I was in this dilemma, although I think the firewire mixers are better than the usb mixers. I've decided on a mackie 1220i, understand the limitations versus the 1640i (16x2 firewire instead of 16x16, which means it can only return 2 channels back to the mixer from the computer via firewire instead of 16). But my needs are very specific, I needed aux routing to external effects, and I also needed a mixer for live use anyway, so it just made sense. Yes you can do aux routing with an interface, but its a lot more complicated in my mind, plus this way my studio setup and live setup will be streamlined.

    On top of that, I don't currently own a mac, and am on a budget, so motu ultralite and RME interfaces are out of the question. Makes a lot more sense for me to go with the mackie now, and an RME or motu ultralite down the road when I get more serious about recording and actually own a macbook pro. Right now I just want to record jams, essentially rehearsals for live sets.

    Also my setup is hardware-based electronic instruments and bass guitar. If I used my computer or software as an instrument, obviously I would need an interface.

    Mackie 820i: $450
    Mackie 1220i: $600
    Mackie 1620i: $1000
    Mackie 1640i: $1600

    Only the 1640i allows for analog mixing and summing because it can return 16 channels from the computer.

    I understand how nice the Presonus StudioLive boards are, but if we're strictly talking recording, I would still take the Mackie 1640i over the StudioLive 16.4.2, and the A&H Zed R16 over the SL 24.4.2, simply because analog summing makes a huge difference to my ears.

    Hope this helped.

    Edit: Also, the Mackie 1640i is not that much more than the PreSonus 16.0.2, and is rock solid on a Mac, I have some friends who run a studio/venue hybrid out of their basement with that setup. I can also tell you from reading the PreSonus boards that the 16.0.2 has been giving Mac users huge headaches when it comes to recording via firewire. Multiple users experiencing the same issues with recording, with no solution in sight. It seems mostly to do with OS X Lion. So to the dude looking at the SL 16.0.2: Spring for the Mackie 1640i, especially if you have a Mac.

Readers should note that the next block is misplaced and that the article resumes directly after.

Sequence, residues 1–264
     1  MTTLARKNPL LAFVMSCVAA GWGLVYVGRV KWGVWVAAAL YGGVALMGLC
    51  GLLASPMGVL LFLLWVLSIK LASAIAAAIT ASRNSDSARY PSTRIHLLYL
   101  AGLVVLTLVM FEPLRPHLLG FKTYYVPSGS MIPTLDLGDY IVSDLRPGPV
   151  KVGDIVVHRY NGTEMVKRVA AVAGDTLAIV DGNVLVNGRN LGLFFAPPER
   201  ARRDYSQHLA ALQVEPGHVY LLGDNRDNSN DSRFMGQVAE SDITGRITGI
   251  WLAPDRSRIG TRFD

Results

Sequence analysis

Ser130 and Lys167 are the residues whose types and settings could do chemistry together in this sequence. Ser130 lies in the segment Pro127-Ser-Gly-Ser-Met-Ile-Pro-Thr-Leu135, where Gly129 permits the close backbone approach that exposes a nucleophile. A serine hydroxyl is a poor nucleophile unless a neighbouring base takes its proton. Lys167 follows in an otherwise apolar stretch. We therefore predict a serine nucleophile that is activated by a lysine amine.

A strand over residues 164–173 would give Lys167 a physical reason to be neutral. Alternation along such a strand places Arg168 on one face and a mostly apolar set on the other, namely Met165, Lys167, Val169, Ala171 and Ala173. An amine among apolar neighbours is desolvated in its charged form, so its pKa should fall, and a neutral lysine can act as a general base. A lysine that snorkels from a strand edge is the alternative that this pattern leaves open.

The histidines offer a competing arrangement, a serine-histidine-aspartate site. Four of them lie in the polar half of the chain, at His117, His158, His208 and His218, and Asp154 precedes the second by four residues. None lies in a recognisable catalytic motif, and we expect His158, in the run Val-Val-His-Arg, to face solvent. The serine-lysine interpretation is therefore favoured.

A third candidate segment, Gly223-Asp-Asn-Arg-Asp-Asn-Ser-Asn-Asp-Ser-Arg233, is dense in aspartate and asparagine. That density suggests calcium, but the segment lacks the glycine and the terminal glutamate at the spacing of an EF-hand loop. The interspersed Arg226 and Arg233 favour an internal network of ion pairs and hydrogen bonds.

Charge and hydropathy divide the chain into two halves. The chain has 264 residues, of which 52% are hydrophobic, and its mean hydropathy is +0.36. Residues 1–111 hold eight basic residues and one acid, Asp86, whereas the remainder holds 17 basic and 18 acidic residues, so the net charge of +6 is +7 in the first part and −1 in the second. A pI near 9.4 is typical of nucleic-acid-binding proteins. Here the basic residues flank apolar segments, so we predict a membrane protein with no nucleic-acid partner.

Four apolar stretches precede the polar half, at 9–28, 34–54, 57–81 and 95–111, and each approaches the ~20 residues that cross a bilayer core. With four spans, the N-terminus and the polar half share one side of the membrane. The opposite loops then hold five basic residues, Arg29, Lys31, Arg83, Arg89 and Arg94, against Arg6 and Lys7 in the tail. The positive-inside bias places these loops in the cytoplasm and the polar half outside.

12. BrBss

    BrBss Supporting Member

    Jul 9, 2010
    Albuquerque NM
    Other than being 10 times faster?
     
  13. amos

    amos

    Oct 23, 2003
    SE Portland Oregon
    he means for audio.
     
  14. BrBss

    BrBss Supporting Member

    Jul 9, 2010
    Albuquerque NM
    Higher bit rate means more channels... :bag:

    Plus, higher bit rate combined two way communication should reduce latency. Haven't read up on the protocols or anything too specific, so I can't comment on the latency for sure.

    EDIT: Not saying it will be better or worse than firewire, just that it does have advantages over 2.0 for some audio applications.
     
  15. fender_mod

    fender_mod

    Jun 23, 2005
    I use a behringer ub-2442 fx pro mixer which has direct outs for 8 channels which I feed into a m-audio 1814 that has 8 line inputs. Best of both worlds considering the 1814 also has two great mic preamps on the front. I got the mixer for $100 used on eBay and the interface for about $230.
     
  16. Tunaman

    Tunaman

    Dec 26, 2004
    Boston
    Thanks fender mod... I'm actually going to get the same mixer (xenxy vs ub) & grab an interface. Thanks.

    The all in 1 package is way to damn much right now & the new 2442usb is still recording stereo. USB3 with each track individual? Then I'll go new
     
  17. amos

    amos

    Oct 23, 2003
    SE Portland Oregon
    Did you read my post about firewire mixers? they track every channel individually...
     
  18. Tunaman

    Tunaman

    Dec 26, 2004
    Boston
    The $1600 Mackie? Yeah I went with the $150 used 2442fx, ha ha!
    The more research I do the more I conclude that the tech is close but its not there yet. Eventually USB3, Firewire or Light Peak will be standard on computers & interfaces making multitracking MUCH better than it is now.

    Just not there yet without laying out BIG bones
     
  19. amos

    amos

    Oct 23, 2003
    SE Portland Oregon
    no, all the mackie onyx boards do want you are talking about, the 820i is $450 new
     
  20. amos

    amos

    Oct 23, 2003
    SE Portland Oregon
    I was going to get a $300 board (soundcraft epm8) and a $300 interface (focusrite pro 24dsp) and decided on a mackie 1220i for $600 instead. that was my only major point. the only thing I'm missing is a dedicated midi interface and adat/spdif, neither of which I need at this point.